The coordinates qb and sb of the standard deviation sequences corresponding to the logarithm of the obtained port and starboard echo sampling measures can be obtained using the extreme point coordinate . In turn, the echo intensity Ibleft corresponding to the coordinate qb + W − 1 and Ibright corresponding to the coordinate sb + W − 1 of the matched and aligned port and starboard sampling measure sequences are obtained by searching algorithms:

{Iij, Km ≤ j ≤ Kleftmax}, and the starboard echo sampling measures {Iil, Km ≤ l ≤ Krightmax}.

For each ping, by searching the port sequence {Iij, Km ≤ j ≤ Kleftmax} and finding the first echo intensity value that equals Ibleft, the coordinate of the first bottom return is derived as jb. Similarly, by searching the port sequence {Iil, Km ≤ l ≤ Krightmax} and finding the first echo intensity value that equals Ibright, the coordinate of the first bottom return is derived as lb.

3.1.4. Step 4: Extraction of Sea Bottom Line

Considering the asymptotic nature of the sea bottom variation, precise sea bottom lines can be detected by sliding average filtering of the coordinates of the port first bottom returns {jb} and the coordinates of the starboard first bottom returns {lb} of all pings obtained through the above calculation [2].

3.2. Experimental Results and Discussion

In this experiment, the Sea Scan® ARC SCOUT Mk-II from the Marine Sonic Technology mounted on an AUV is used. The main operating parameters of the SSS are set to a ping frequency of 900 kHz and a slant range of 10 meters. Raw data of all pings are collected through actual measurements in the offshore test.

The waterfall plot of the SSS echo data in reverse of the image displayed at 256 grayscale levels is shown in Figure 3. The corresponding separate SSS images for the port and starboard sides with blind zone are shown in Figures 4(a) and 4(b).

A waterfall plot of considerable echo data intercepted after the ping starting in Figure 3 is shown in Figure 5, where A1, A2, A3, A4, and A5 indicate the sea bottom line, sea surface line, blind zone, water column region, and seabed image region, respectively. It can be seen obviously that the darker the color, the stronger the echo intensity, and, conversely, the whiter (brighter) the color, the weaker the echo intensity.

Echo sampling measures of a single ping are shown in Figure 2. After removing the blind zone according to Step 1 in Section 3.1, separate SSS images of the port and starboard sides without showing the blind zone can be obtained, as shown in Figure 6.

In Figure 6, it can be seen that there are many anomalies in the echo data which may interfere with the detection of the sea bottom line and even cause false detection in complex environments, such as suspended matter present in the water column region. These echo anomalies are essentially high-frequency noise and outliers that can be effectively removed from the image during data processing according to an improved median filtering algorithm in Step 2 in Section 3.1, as shown in Figure 7.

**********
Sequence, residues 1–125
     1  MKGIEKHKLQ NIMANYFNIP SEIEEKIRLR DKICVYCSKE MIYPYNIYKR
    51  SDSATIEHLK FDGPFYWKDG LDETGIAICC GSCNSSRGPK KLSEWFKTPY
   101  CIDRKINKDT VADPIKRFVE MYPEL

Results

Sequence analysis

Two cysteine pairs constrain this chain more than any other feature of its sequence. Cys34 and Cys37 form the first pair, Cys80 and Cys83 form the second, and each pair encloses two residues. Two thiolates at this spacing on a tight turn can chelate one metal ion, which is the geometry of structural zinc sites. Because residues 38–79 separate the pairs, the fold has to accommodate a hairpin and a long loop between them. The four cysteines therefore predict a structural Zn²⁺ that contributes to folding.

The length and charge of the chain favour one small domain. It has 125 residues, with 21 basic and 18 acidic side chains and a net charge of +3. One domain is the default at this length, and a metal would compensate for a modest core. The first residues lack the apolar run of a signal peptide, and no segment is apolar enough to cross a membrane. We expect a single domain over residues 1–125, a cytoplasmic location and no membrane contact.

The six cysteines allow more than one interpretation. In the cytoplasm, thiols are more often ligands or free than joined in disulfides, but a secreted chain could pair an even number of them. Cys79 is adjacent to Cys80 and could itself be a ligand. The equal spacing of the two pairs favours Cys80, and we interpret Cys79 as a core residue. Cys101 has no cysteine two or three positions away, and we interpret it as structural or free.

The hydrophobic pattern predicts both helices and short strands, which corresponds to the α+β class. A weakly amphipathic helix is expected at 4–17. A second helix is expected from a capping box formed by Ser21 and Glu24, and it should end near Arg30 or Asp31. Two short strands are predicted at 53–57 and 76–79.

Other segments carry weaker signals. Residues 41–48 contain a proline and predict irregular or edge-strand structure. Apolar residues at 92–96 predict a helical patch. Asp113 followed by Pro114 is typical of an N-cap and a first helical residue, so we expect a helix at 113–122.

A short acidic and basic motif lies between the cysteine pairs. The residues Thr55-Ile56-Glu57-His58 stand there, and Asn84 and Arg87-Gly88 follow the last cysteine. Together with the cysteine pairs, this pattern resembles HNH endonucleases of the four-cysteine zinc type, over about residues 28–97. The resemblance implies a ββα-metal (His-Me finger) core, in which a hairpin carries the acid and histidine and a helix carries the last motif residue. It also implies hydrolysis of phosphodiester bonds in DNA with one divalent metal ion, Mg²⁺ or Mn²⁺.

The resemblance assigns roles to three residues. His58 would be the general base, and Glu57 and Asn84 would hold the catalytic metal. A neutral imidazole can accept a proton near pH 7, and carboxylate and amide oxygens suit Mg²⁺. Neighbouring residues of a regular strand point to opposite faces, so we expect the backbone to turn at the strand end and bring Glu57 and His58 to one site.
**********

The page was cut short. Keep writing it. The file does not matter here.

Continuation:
The separate SSS images of the port and starboard sides without the blind zone after high-frequency noise and outliers filtering are shown in Figure 7. Compared to Figure 6, the echo anomalies in the water column region can be eliminated to some extent.

Processed with Step 3 and Step 4 in Section 3.1, the detected sea bottom line marked separately on the port and starboard sides without showing the blind zone is shown in Figure 8, while the sea bottom line marked in the waterfall of the SSS image without showing the blind zone is shown in Figure 9.

4. Conclusions

In this study, the automatic bottom detection method of SSS image for AUV missions is presented. The existence of blind zone in the SSS image is taken into account, and the blind zone boundary of the SSS image is calculated based on the SSS parameters conveniently. The anomalies in SSS image are eliminated effectively using an improved median filtering algorithm. Further, to perform extreme value detection according to the principle of bilateral symmetry of the sea bottom lines, the SSS port and starboard echo data sequences in each ping are retained by using the logarithm of the space-time align-matched data. Therefore, an accurate sea bottom line is obtained through a sliding average filter with the coordinate sequences of the first bottom returns. The experimental results show that, without manual intervention to set the initial values online, the proposed method can overcome the strong noise interferences and achieve high detection accuracy and good detailed continuity in the process of sea bottom line detection.

Data Availability

The underlying data supporting the results of our study can be found at https://www.researchgate.net/profile/Huapeng_Yu.

Conflicts of Interest

The authors declare no conflicts of interest.

Acknowledgments

This research was supported by the project of the National Natural Science Foundation of China (Grant no. 61803381).

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Copyright © 2020 Huapeng Yu et al. This is an open access article distributed under the Creative Commons Attribution License, which permits unrestricted use, distribution, and reproduction in any medium, provided the original work is properly cited.